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Jean Lambert London's Green MEP

Statement: Tamil Remembrance Day

Ahead of the Tamil Remembrance Day on Sunday 27th November, Jean Lambert MEP, Chair of the European Parliament Delegation for relations with South Asia, has made the folllowing statement:

Firstly, I would like to express my deepest sympathy for all those affected by the civil war in Sri Lanka.  After more than 25 years of conflict, we at the European Parliament welcome the moves by the international community to conduct a fair and through investigation into alleged crimes during the war.

In its resolution of May 2011, the European Parliament expressed concern over the allegations outlined in the UN Panel of Experts Report, and called for these allegations to be addressed for lasting reconciliation to be possible.  We also called on the Sri Lankan government to ensure the Lessons Learned and Reconciliation Commission performs in an impartial and transparent manner, and that the results of the investigation are made public at the earliest possible date.

At present, the LLRC report is in the hands of the Sri Lankan government.  Although there is widespread criticism of the Commission, I believe any positive proposals in the report should not be dismissed and the Sri Lankan government should take a lead role in implementing such proposals.  I encourage the Sri Lankan government to firstly release the report into the public domain, and promote genuine and effective debate on its findings. Furthermore, I would support a move by the Sri Lankan Parliament to ensure it plays its democratic role in scrutinising the report and ensuring its implementation.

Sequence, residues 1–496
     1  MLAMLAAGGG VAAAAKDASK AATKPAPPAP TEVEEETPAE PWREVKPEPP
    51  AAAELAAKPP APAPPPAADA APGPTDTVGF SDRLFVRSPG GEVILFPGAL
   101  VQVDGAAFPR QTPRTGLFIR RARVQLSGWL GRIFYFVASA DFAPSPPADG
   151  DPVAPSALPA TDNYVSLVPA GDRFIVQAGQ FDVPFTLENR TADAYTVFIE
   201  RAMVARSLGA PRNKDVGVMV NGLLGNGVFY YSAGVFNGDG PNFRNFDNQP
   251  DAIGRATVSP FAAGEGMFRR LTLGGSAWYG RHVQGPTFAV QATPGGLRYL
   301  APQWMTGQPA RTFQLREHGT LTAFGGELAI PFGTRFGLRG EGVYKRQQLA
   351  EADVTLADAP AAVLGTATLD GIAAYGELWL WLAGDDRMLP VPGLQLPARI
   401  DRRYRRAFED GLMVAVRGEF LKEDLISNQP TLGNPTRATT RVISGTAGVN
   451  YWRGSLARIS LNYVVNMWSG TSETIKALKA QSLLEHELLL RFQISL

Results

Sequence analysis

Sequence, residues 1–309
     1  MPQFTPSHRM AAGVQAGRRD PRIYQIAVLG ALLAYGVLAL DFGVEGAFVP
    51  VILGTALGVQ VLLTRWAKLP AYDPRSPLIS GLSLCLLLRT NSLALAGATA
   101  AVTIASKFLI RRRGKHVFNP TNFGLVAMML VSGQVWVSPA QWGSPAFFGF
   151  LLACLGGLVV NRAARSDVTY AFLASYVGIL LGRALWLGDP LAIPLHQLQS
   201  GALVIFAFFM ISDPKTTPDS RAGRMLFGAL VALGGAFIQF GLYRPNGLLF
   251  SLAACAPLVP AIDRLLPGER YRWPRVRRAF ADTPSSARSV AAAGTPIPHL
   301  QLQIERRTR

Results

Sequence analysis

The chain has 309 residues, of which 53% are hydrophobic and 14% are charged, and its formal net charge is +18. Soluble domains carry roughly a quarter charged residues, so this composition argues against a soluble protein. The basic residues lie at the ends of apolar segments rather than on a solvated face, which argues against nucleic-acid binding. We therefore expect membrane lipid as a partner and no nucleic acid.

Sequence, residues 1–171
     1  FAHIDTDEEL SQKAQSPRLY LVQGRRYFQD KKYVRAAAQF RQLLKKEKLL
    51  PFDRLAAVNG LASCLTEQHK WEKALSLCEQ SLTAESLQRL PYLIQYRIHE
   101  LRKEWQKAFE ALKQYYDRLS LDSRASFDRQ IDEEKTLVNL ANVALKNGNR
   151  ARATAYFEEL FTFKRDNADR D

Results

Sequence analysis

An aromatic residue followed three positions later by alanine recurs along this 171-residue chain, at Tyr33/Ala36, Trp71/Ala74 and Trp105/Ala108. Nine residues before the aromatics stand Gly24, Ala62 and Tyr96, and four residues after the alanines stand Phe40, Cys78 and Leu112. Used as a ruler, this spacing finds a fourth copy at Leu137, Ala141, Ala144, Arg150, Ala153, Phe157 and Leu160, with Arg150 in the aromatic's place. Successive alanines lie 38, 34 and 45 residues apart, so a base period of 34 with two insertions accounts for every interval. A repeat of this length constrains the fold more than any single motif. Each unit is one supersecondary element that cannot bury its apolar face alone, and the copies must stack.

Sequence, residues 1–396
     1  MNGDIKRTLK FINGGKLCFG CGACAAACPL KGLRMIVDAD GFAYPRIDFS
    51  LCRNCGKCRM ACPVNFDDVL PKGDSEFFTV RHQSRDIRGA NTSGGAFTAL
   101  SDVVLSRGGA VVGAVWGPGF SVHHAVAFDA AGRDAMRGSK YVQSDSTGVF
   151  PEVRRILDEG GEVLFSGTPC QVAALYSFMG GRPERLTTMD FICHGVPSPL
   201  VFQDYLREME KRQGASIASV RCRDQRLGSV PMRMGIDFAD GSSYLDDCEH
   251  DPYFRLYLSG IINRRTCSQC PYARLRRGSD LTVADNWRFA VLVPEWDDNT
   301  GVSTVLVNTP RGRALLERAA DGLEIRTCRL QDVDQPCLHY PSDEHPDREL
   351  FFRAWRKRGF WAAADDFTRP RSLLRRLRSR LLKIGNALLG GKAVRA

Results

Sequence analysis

We at the EU level welcome the cessation of the Emergency Regulations and look forward to the subsequent removal of restrictions on civil and political rights: They should not simply re-appear in other legislation.  The ending of these laws should now open the way for the release or trial of many of those detained without charge; a practice which we criticise in any country.  Furthermore, we continue to push for investigations into both past and ongoing reports of disappearances, and for any perpetrators to be held accountable, whoever they may be. It is my hope that efforts in this direction will lead to a more democratic and inclusive future for Sri Lanka.

Finally, the European Parliament is aware and active on the need for lasting reconciliation in Sri Lanka. In my capacity as Chair of the South Asia delegation, we continue to identify issues of language, land education and political involvement of minority groups as key focus areas.  Through bilateral and public meetings, we strive to promote the active inclusion of the Tamil people, minorities and disadvantaged groups at all decision-making levels in Sri Lanka.  We also call for genuine participation, free from fear and in full compliance with internal standards of civil and political rights.

I wish to see lasting peace for the Tamil community, and all Sri Lankan communities affected by the war.  Only through mutual recognition of respect for human rights, democractic processes, accountability and inclusion of society as a whole, can Sri Lanka move forward.